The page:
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What Is Child Support?

When parents get divorced or separate, they are still responsible for taking care of their children. Child support payments are financial support to provide for the needs of the child. Child support is generally based on the parents’ income, parenting time, needs of the child, and other relevant factors. A child support lawyer can help you understand your child support obligations, modify a child support order, and give you legal advice to deal with any child support issues.

How Much Is Child Support?

Child support is determined based on state family law and is based on the best interests of the child. In most cases, the noncustodial parent provides support to the custodial parent, where the child lives primarily. Each state has its own formula but calculating child support generally depends on several factors, including:

  • Parenting time and child custody
  • Income of the parents
  • Childcare, education, health insurance, and medical needs
  • Other support obligations, including other children

The state may provide a child support calculator to estimate child support payments. However, parents who make above a certain income limit may not fall within the child support guidelines.

How Can I Change a Child Support Order?

Your child support attorney may be able to change a child support court order to increase the amount of child support or reduce child support. A petition for child support modification may be granted where there is a “substantial change in circumstances.” A change in circumstances could include:

  • Losing your job
  • Promotion to a higher-paying job
  • Increased medical needs of the child

Either parent can petition the court for a change in child support, including a custodial parent wanting to increase payments, or the parent paying child support to lower their financial payments.

Do You Have To Pay Child Support for Stepchildren or Adopted Children?

Parents may be required to pay support if they have parenting rights or a legal obligation to care for the child. Even if the parents were never married or never even lived together, the biological mother and biological father have to provide for the child.

As with biological parents, adoptive parents take on the legal rights and obligations of raising a child. If adoptive parents get a divorce, they are still the legal guardians of the child and one adoptive parent may be required to pay child support to the other.

A stepparent will only have to pay child support for a stepchild if they adopted the child through stepparent adoption. For example, if you marry someone who has a child with another person and later get a divorce and never adopted the stepchild, there is generally no obligation to pay child support to the stepchild.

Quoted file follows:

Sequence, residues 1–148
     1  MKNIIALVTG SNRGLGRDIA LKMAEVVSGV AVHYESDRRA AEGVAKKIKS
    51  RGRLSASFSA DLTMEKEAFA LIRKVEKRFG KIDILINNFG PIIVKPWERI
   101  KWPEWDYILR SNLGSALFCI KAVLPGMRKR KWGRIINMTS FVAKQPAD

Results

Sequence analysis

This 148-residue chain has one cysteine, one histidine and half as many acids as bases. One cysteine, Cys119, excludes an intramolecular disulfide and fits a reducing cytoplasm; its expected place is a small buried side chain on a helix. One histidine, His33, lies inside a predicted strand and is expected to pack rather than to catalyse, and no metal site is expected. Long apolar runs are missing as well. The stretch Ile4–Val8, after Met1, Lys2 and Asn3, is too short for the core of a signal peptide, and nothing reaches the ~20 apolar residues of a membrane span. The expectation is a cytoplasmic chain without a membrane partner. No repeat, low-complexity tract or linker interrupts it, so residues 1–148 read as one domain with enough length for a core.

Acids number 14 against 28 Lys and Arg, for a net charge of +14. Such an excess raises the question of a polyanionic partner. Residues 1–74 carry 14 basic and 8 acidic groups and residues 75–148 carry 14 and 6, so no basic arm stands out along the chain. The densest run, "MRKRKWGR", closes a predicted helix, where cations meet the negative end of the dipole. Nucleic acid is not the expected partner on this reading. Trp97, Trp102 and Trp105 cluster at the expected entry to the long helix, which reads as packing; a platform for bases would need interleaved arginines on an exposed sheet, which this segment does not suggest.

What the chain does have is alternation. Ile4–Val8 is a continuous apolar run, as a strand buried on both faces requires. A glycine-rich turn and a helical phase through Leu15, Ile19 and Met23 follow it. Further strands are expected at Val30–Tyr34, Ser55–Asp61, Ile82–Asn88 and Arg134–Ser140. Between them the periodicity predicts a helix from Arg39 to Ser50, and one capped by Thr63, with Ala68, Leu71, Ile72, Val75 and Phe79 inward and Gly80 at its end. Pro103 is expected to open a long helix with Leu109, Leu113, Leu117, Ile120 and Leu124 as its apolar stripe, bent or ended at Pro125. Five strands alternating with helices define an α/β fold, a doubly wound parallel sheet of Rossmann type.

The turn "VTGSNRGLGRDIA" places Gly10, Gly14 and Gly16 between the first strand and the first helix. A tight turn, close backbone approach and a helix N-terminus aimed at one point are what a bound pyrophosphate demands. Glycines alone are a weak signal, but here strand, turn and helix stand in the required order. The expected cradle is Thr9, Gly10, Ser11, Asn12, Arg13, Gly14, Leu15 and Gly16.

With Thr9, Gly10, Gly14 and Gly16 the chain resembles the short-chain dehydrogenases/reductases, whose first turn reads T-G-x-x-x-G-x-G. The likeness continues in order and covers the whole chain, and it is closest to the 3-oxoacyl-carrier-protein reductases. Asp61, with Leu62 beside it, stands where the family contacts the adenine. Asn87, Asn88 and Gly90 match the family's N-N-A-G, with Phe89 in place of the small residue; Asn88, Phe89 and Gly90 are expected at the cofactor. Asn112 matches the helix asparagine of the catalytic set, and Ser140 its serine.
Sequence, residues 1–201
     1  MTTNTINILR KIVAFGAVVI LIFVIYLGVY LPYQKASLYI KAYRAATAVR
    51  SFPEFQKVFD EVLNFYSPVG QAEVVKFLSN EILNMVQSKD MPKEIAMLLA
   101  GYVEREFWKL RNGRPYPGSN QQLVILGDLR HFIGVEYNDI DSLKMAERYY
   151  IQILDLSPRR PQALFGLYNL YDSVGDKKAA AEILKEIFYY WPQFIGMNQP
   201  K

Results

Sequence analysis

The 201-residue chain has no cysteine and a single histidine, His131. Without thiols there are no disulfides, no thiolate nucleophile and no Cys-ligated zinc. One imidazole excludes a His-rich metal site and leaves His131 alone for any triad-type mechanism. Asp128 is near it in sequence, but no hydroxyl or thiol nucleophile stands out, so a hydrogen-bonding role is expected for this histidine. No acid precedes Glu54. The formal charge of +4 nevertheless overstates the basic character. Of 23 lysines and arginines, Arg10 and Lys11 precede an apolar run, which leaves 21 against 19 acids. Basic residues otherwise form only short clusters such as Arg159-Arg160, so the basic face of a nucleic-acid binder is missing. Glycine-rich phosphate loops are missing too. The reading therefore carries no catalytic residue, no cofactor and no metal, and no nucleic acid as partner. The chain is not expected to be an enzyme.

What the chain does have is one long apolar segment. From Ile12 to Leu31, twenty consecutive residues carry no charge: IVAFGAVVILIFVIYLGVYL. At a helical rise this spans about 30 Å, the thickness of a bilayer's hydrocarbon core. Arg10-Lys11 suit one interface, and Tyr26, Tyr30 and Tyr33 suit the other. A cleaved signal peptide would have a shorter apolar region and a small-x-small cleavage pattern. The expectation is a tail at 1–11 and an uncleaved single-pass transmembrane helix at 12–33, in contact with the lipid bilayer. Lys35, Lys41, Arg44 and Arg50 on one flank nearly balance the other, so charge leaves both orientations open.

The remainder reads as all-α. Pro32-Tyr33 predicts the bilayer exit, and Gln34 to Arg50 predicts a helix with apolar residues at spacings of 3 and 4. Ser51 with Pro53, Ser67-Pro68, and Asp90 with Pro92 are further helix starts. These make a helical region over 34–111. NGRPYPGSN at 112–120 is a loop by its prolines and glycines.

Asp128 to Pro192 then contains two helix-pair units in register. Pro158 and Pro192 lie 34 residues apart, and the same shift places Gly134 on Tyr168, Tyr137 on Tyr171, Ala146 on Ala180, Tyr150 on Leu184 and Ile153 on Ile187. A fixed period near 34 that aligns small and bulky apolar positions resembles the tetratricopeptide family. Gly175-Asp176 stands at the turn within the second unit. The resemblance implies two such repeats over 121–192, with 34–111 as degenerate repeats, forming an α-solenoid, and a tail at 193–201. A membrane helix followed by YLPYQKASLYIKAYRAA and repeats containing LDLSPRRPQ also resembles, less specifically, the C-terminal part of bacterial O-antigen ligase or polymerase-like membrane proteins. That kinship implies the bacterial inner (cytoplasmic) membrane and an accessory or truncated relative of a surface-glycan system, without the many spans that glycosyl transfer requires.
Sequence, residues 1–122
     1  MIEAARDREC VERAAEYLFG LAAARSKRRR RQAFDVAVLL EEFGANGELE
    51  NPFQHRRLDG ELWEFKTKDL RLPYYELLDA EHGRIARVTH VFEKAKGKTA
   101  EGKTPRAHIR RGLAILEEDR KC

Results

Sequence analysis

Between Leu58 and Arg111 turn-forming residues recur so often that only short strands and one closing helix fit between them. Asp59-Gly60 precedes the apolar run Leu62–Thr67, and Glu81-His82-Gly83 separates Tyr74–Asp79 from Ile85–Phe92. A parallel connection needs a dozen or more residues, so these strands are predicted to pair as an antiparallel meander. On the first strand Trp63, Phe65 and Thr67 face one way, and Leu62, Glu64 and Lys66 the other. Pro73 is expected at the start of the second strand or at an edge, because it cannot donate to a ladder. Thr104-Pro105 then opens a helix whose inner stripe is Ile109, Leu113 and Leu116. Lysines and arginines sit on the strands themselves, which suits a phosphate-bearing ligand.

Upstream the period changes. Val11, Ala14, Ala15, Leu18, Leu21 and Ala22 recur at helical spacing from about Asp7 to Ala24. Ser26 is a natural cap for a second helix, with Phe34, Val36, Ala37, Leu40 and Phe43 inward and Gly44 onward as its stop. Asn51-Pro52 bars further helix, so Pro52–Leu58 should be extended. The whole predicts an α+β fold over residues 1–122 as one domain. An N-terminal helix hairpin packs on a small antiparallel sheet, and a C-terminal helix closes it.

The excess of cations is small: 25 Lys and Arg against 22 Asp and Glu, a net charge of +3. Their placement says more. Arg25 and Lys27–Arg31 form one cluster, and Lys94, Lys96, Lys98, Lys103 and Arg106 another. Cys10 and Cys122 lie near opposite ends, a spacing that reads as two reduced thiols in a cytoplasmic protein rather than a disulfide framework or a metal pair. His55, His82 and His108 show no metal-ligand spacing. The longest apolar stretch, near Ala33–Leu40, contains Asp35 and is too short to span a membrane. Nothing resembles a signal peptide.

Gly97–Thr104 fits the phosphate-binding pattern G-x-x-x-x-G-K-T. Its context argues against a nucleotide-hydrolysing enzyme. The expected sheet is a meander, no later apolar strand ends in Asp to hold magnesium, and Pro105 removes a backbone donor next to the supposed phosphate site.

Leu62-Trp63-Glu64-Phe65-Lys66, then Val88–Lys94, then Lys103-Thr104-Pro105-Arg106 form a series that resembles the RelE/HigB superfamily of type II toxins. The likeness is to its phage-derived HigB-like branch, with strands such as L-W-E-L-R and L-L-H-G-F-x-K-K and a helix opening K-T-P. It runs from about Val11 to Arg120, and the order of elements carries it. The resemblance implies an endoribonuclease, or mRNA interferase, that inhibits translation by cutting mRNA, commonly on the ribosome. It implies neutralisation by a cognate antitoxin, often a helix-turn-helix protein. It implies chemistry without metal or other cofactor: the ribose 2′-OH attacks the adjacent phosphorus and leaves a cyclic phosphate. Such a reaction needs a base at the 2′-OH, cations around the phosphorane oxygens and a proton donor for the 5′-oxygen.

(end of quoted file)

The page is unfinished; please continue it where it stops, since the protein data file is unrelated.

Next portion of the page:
What if My Ex Isn’t Paying Child Support?

If your ex has a child support order but is not keeping up with payments, you can take action to enforce the child support order. Your state’s child support services can help you recover child support and get back support that was never paid. Your family lawyer can also help you enforce a support order, get a judgment against the delinquent parent, and levy their bank accounts or garnish their wages.

If your ex isn’t paying child support it does not mean you can stop them from seeing their child. Child support orders and child custody and visitation orders are separate. It may not seem fair that the other parent can spend time with their child if they are not providing financial support but you need to take your issues to court instead of dealing with them on your own. Stopping the other parent from spending time with their child could put you in trouble with the court.

What if I Can’t Pay Child Support?

If you lose your job, fall on hard times, or have a medical emergency that leaves you without enough money, you may not be able to pay child support. If you can’t make your child support obligations you need to go to the court and ask for a modification. A modification will only impact future payments and any past child support debt will still be there. Even if you lose your job and have no income, the family court judge may still require a minimum payment and deduct support from unemployment or Social Security insurance.

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